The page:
Incumbent Geoffrey Thomas is well ahead of Monroe City Councilmember Jim Kamp in the first wave of tallied ballots for mayor that dropped Tuesday night.

As of Tuesday, Thomas had more than 66 percent of the 1,114 votes cast. Kamp had nearly 33.5 percent, and less than 1 percent were write-ins.

A group of Thomas' family, friends and supporters gathered at El Lago Mexican Restaurant on Fryelands Boulevard to wait for the results. He said a few words once the initial counts were posted, hands were shaken and applause and cheers filled the room.

Thomas first thanked his wife Lara, who he said was his rock throughout the race, and their two sons for the hours pounding pavement each spent during the campaign. He also thanked the voters for their confidence in the work being done at Monroe City Hall.

Lara said she was excited for her husband to continue to advance the community's vision. She said in the past four years the city has seen great improvement to parks, roadways and business growth.

During his first race, Lara said they didn't know what to expect. Thomas had knocked on nearly every door within city limits that time around, she said. Thomas said he had been to around 1,500 households since this spring.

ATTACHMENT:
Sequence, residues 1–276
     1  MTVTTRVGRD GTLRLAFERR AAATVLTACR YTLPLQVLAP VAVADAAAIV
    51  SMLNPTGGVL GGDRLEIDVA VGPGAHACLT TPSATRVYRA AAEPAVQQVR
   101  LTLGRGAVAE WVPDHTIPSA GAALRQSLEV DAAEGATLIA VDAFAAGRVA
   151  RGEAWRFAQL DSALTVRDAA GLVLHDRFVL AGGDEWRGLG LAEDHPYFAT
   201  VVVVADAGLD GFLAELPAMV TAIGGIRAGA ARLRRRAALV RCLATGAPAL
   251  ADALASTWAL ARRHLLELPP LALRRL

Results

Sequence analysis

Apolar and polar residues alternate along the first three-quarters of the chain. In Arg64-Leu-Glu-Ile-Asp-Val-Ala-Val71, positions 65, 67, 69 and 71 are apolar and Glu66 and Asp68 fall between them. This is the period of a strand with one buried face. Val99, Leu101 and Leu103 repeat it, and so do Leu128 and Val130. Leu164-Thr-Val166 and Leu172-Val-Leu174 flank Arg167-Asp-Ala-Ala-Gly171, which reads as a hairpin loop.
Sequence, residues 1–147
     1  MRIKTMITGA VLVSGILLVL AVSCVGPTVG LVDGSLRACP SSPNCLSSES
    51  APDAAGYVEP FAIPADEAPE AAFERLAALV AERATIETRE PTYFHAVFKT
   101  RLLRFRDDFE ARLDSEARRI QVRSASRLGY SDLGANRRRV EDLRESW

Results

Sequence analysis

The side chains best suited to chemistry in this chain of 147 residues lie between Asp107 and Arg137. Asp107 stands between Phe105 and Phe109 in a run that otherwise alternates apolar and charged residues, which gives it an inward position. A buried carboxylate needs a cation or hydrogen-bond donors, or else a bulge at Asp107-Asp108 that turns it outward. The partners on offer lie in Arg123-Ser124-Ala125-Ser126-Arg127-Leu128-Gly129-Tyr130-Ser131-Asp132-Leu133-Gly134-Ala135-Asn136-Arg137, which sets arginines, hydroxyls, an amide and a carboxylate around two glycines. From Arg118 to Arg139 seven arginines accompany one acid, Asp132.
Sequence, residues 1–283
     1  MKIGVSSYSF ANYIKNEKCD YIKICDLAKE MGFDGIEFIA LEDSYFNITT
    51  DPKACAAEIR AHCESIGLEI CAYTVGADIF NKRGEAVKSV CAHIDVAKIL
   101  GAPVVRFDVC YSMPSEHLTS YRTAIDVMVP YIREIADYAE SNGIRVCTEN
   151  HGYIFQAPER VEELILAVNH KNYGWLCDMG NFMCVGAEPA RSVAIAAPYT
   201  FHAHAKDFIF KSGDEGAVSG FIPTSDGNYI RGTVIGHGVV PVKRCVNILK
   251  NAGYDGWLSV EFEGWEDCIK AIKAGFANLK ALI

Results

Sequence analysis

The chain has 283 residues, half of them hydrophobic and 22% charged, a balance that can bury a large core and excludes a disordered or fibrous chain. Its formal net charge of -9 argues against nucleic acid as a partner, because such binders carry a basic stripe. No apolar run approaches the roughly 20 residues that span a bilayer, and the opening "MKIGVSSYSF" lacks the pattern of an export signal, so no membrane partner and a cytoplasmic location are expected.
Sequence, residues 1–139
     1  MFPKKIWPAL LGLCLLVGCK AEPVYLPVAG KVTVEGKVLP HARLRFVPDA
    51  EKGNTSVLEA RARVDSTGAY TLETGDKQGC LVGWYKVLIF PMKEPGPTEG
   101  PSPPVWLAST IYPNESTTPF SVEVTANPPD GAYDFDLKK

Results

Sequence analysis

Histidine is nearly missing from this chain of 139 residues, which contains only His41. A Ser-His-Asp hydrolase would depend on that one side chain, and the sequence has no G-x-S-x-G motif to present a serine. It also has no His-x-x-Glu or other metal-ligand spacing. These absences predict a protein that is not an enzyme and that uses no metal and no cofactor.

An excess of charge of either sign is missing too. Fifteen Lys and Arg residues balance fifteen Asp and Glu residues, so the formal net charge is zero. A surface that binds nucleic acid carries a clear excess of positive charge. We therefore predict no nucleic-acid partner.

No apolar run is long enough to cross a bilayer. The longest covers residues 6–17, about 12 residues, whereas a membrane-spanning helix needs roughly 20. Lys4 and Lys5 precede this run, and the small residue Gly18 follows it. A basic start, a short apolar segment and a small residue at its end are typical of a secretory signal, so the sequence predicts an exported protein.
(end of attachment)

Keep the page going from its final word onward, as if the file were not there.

Thomas and Kamp spent much of their campaign knocking on doors. Each touted the importance of economic development, growth and fiscal responsibility from the start.

During the race, Kamp advocated for a revised vision for the city. He said a dedicated economic development director and more robust planning group than the recently approved Economic Development Advisory Board is needed to move Monroe forward.

Kamp's background is in database administration and project management. He was a project manager at Boeing in Everett, and has lived in Western Washington his entire life. He moved his family to Monroe in 1996. After arriving, he volunteered with the Monroe School District and at his church.

Kamp was first elected to the council in 2011. He won by the closest margin in Monroe’s history — two votes took the election. Before filling the council seat, he was on the city’s planning commission.

Thomas spent six years on the council before winning the mayor’s seat in 2013. He obtained a degree in planning at the University of California-Davis, where he met his wife, in 1992. The couple moved to Monroe nearly two decades ago.

Thomas has worked in the public and private sector. For the past nine years he has been employed as a senior legislative analyst for the Snohomish County Council. He has worked as a firefighter, was the planning commissioner in Olympia, acted as volunteer church leader, coached, and has experience in the private sector.

Public safety, transportation, such as pushing for State Route 522 funds, and homelessness are some issues Thomas has tackled while in office so far. Thomas plans to bring more businesses into town, and to support the manufacturing and industrial park. He wants to see more growth along U.S. Highway 2, and create a destination for recreation and retail.

He has also said he wants to see Monroe residents working in town and that more employment opportunities must be made available.

“I look forward to continuing to roll my sleeves up and work for the people in our community,” he said.